Walking and biking win big funding 

Bicycle and pedestrian advocates are applauding a major infusion of federal funds that will more than double what many Bay Area counties spend on biking and pedestrian improvements in the next two years, including San Mateo County.

Five county projects, chosen from a list of 30, will receive a combined $2.5 million over fiscal years 2007-08 and 2008-09.

That’s on top of about $1.4 million the county has received every two years for some time, said Sandy Wong, transportation system coordinator for the City/County Association of Governments of San Mateo County, which chose the projects.

A similar boost is expected at the end of 2009, Wong said. The funds come from the Safe Accountable Flexible Efficient Transportation Equity Act signed into law in August 2005.

"It’s a big increase," Wong said. "Nowadays, we’re placing more emphasis on pedestrian and bicycling projects."

In an area where the typical commuter spends about 72 hours a year stuck behind the wheel, transportation experts saying increased bicycle and pedestrian funds are needed to encourage people to walk, bike or take public transit.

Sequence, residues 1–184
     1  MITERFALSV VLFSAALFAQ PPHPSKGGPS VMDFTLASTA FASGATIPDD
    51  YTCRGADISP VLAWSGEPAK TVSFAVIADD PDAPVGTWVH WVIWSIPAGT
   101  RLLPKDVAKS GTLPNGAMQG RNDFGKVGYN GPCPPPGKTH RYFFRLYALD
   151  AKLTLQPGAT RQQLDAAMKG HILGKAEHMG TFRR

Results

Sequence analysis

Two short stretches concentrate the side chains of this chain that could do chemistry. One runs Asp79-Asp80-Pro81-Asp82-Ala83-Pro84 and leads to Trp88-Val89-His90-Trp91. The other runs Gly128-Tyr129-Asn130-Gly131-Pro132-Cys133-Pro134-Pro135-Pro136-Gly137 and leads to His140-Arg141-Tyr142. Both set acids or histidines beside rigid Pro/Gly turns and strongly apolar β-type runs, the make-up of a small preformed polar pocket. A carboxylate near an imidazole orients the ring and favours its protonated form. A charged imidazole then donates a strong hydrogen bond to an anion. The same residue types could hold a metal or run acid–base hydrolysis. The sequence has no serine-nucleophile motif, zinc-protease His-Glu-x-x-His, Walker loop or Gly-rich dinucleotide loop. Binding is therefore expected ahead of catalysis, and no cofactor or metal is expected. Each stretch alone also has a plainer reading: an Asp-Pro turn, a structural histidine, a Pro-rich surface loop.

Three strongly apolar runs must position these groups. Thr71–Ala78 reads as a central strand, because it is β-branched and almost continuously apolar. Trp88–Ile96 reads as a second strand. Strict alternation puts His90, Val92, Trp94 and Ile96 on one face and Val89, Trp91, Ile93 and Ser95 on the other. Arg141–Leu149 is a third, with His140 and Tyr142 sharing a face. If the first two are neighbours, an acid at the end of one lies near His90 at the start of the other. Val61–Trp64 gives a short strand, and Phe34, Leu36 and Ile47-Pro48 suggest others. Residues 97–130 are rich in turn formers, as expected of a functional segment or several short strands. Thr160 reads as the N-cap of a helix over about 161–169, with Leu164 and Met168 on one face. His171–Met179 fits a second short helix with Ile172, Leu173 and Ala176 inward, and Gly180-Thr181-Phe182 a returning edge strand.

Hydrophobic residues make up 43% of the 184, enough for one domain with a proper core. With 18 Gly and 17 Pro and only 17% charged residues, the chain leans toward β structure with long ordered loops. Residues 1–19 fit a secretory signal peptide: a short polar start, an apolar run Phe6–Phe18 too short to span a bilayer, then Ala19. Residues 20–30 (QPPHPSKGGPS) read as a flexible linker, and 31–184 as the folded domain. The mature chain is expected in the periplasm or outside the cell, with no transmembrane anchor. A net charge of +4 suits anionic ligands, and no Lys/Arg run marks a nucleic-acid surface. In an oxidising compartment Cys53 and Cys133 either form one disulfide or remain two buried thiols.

"Anything we can do to encourage alternate modes of transportation is better for the region," said Sean Co, bicycle and pedestrian planner for the Metropolitan Transportation Commission. "Biking and walking are zero pollution ways of getting around."

The county projects include improvements to the Linear Park trail in South San Francisco for $538,000; $500,000 in crosswalk and real-time bus schedule upgrades on Mission Street in Daly City; paving improvements to a mile-and-a-half stretch of San Pedro Terrace trail between Linda Mar Valley to Pacifica worth $1 million; bicycling and pedestrian upgrades to Delaware Street in San Mateo between Bermuda Drive and 25th Avenue for $283,000; and $625,000 in improvements to the California Coastal Trail in El Granada, according to officials.

"We’re certainly glad that there’s more money available because only a percentage of our needs get funding," said Gladwyn D’Souza, vice-president of the Peninsula Bicycle and Pedestrian Coalition. While only a fraction of the $10 million it would cost to complete all 30 priority projects in the county, the money could still make a difference, D’Souza said.

One goal of the funding infusion is better access to downtowns and transit centers that will allow easier public transit transfers, Wong said.

San Mateo County isn’t alone. San Francisco, Alameda County and other Bay Area counties will receive similar fund increases, adding to the Bay Area’s 532 miles of existing bikeways, according to John Goodwin, of the Metropolitan Transportation Commission.

ecarpenter@examiner.com

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